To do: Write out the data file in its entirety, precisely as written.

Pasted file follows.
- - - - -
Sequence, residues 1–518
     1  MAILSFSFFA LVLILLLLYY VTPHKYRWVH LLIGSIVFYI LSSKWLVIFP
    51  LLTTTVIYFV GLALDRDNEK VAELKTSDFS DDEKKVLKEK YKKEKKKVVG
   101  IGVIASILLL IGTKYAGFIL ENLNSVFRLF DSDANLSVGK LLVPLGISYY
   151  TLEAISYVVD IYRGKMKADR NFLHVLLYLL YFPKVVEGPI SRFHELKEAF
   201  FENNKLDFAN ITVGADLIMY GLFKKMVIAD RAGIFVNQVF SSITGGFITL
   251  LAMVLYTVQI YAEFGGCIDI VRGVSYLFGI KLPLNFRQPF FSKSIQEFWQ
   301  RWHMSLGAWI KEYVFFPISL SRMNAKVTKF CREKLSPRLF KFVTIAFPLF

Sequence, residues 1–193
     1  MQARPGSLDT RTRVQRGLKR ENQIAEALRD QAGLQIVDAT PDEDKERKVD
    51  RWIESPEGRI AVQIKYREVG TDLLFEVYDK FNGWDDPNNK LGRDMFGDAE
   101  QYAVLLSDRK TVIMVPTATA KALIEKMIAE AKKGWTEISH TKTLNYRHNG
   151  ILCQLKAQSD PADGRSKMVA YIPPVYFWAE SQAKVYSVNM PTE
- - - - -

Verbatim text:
Sequence, residues 1–518
     1  MAILSFSFFA LVLILLLLYY VTPHKYRWVH LLIGSIVFYI LSSKWLVIFP
    51  LLTTTVIYFV GLALDRDNEK VAELKTSDFS DDEKKVLKEK YKKEKKKVVG
   101  IGVIASILLL IGTKYAGFIL ENLNSVFRLF DSDANLSVGK LLVPLGISYY
   151  TLEAISYVVD IYRGKMKADR NFLHVLLYLL YFPKVVEGPI SRFHELKEAF
   201  FENNKLDFAN ITVGADLIMY GLFKKMVIAD RAGIFVNQVF SSITGGFITL
   251  LAMVLYTVQI YAEFGGCIDI VRGVSYLFGI KLPLNFRQPF FSKSIQEFWQ
   301  RWHMSLGAWI KEYVFFPISL SRMNAKVTKF CREKLSPRLF KFVTIAFPLF

Sequence, residues 1–193
     1  MQARPGSLDT RTRVQRGLKR ENQIAEALRD QAGLQIVDAT PDEDKERKVD
    51  RWIESPEGRI AVQIKYREVG TDLLFEVYDK FNGWDDPNNK LGRDMFGDAE
   101  QYAVLLSDRK TVIMVPTATA KALIEKMIAE AKKGWTEISH TKTLNYRHNG
   151  ILCQLKAQSD PADGRSKMVA YIPPVYFWAE SQAKVYSVNM PTE